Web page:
Safe and Sound

The Corn City State Bank

Deshler, OH
5
Star Rating
The Corn City State Bank is an FDIC-insured bank founded in 1911 and currently based in Deshler, OH. As of December 31, 2017, the bank had equity of $9.7 million on assets of $67.9 million.

Thanks to the efforts of 8 full-time employees, the bank holds loans and leases worth $31.8 million, $28.3 million of which are for real estate. The bank currently holds $51.1 million in deposits from U.S. customers.

Overall, Bankrate believes that, as of December 31, 2017, The Corn City State Bank exhibited a superior condition, earning a full 5 stars for safety and soundness. Keep reading for a look at how the bank did on the three key criteria Bankrate used to evaluate U.S. banks on safety and soundness.

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THE INSTITUTION'S SCORE

Capital Score

Capital is an essential measurement of an institution's financial strength. It works as a bulwark against losses and as protection for depositors during times of financial trouble for the bank. When looking at safety and soundness, the higher the capital, the better.

On our test to measure the adequacy of a bank's capital, The Corn City State Bank racked up 20 out of a possible 30 points, exceeding the national average of 13.13.

One important measure of this buffer is a bank's Tier 1 capital ratio. The Corn City State Bank's Tier 1 capital ratio was 34.13 percent, higher than the 6 percent level considered adequate by regulators, and exceeding the national average of 25.65 percent. The higher the capital ratio, the better the bank will be able to weather financial difficulties.

Overall, The Corn City State Bank held equity amounting to 14.27 percent of its assets, which exceeded the national average of 12.03 percent.

Asset Quality Score

This test's purpose is to try to understand how the bank's reserves set aside to cover loan losses, as well as overall capitalization, could be affected by problem assets, such as unpaid mortgages.

A bank with extensive holdings of these types of assets could eventually be forced to use capital to cover losses, decreasing its buffer of equity. It also means that there are likely to be many assets that are in non-accrual status and thus aren't earning money, resulting in depressed earnings and potentially more risk of a future failure.

The Corn City State Bank scored 40 out of a possible 40 points on Bankrate's asset quality test, beating the national average of 37.49.

The percentage of problem assets a bank holds compared to its total assets is a helpful indicator of asset quality.As of December 31, 2017, 0.06 percent of The Corn City State Bank's loans were noncurrent, meaning they were more than 90 days past due or were in non-accrual status. That's below the national average of 1.01 percent.

Banks keep a reserve known as an "allowance for loan and lease losses" to deal with troubled assets . How large that reserve is can be a widely used indicator when evaluating a bank's ability to manage problem assets, especially when compared to the total amount of at-risk loans. Unfortunately, the FDIC did not provide information on The Corn City State Bank's loan loss allowance in its most recent filings.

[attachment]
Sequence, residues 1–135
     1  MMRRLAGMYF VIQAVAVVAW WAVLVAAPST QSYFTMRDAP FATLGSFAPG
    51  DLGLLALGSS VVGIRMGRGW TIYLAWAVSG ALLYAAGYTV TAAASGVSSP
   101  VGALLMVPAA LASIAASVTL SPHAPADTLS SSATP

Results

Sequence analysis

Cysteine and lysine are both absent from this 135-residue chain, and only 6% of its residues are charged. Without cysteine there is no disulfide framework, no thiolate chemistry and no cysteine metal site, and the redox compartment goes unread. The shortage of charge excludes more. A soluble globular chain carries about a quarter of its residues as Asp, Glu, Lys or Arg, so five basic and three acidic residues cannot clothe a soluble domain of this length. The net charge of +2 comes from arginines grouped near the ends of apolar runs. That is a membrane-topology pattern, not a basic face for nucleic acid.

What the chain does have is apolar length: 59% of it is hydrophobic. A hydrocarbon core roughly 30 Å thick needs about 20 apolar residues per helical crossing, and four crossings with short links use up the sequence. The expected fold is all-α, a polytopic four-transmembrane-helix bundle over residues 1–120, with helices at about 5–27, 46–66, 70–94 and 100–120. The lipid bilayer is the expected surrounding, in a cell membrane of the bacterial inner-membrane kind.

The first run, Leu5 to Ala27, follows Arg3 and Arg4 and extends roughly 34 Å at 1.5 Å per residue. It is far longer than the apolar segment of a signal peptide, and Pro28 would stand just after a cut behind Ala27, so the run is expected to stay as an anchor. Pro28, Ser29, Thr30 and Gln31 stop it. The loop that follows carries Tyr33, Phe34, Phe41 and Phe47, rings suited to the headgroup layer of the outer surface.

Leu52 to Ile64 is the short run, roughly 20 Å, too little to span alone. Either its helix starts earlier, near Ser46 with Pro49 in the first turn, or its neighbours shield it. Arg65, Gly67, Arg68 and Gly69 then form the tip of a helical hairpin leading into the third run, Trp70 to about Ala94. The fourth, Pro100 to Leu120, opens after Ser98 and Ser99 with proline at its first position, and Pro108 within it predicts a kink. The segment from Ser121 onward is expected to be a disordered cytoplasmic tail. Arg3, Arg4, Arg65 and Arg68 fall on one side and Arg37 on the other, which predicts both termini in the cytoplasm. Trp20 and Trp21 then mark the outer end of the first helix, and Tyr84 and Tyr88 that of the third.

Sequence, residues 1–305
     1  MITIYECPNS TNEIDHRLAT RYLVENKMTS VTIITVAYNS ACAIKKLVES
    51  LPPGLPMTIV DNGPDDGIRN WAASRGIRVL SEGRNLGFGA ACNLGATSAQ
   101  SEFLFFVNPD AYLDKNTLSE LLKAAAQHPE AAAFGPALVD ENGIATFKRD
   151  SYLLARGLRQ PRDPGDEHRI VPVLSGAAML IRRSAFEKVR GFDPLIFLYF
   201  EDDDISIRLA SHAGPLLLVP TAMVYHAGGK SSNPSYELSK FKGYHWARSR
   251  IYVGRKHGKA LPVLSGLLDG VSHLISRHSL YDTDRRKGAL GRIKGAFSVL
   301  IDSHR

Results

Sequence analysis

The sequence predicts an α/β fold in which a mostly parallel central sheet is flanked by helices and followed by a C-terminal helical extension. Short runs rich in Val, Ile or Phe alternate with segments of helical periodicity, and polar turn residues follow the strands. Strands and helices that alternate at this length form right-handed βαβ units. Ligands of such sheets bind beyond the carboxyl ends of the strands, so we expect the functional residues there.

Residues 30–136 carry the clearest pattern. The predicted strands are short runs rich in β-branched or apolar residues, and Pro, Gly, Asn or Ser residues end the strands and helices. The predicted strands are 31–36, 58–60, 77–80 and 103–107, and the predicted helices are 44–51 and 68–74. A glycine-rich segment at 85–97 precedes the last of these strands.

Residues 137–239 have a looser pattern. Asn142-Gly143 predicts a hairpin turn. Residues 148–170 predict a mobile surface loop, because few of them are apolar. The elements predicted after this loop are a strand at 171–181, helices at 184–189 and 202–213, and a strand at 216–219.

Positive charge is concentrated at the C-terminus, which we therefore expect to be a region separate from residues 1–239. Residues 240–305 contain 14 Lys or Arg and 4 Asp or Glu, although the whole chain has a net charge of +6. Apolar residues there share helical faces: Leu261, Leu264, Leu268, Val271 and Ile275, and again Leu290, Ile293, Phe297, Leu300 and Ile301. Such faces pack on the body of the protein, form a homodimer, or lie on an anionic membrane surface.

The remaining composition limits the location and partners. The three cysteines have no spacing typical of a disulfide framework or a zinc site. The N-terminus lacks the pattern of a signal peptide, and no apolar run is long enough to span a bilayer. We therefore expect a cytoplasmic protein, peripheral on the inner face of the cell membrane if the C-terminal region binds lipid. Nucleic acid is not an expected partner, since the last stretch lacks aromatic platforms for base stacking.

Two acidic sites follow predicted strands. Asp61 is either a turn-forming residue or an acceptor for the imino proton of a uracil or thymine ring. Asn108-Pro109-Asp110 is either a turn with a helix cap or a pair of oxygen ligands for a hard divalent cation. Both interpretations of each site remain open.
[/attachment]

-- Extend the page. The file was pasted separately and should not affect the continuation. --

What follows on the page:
Earnings score

How profitable a bank is affects its long-term survivability. Earnings may be retained by the bank, boosting its capital buffer, or be used to deal with problematic loans, potentially making the bank better prepared to withstand economic shocks. Conversely, losses diminish a bank's ability to do those things.

The Corn City State Bank scored 18 out of a possible 30 on Bankrate's earnings test, beating the national average of 15.12.

Return on equity, calculated by dividing net income (profit, basically) by total equity, is one important way to measure a bank's earnings. The most recent annualized quarterly return on equity for The Corn City State Bank was 8.11 percent, above the national average of 8.10 percent.

For the twelve months ended December 31, 2017, the bank recorded net income of $799,000 on total equity of $9.7 million. The bank experienced an annualized return on average assets, or ROA, of 1.17 percent, above the 1 percent deemed satisfactory in accordance with industry standards, and above the average for U.S. banks of 1.00 percent.

WHAT IS SAFE & SOUND?

Bankrate.com's Safe & Sound Ratings provide a star rating system to evaluate the current financial status of financial institutions. The information gathered about banks, credit unions and thrifts is updated as set forth in the Terms of Use of Safe & Sound Ratings and Reports. The Safe & Sound Ratings information is grouped by categories of banks, thrifts and credit unions.

Scoring methodology

Bankrate.com evaluates the financial condition of institutions and assigns a one- to five-star rating for each with five stars representing the highest rating. Institutions with satisfactory performance will generally receive a rating of three or more stars. The majority of institutions fall into the three- to four-star range. An institution with an "NR" rating may be too new to rate or may have limited the publicly available information in their regulatory filings. The "NR" is not an indication of financial strength or weakness. The Safe & Sound rating is believed to be reliable, but the information is not guaranteed. In addition, events since the information was collected may have altered the institution's financial condition.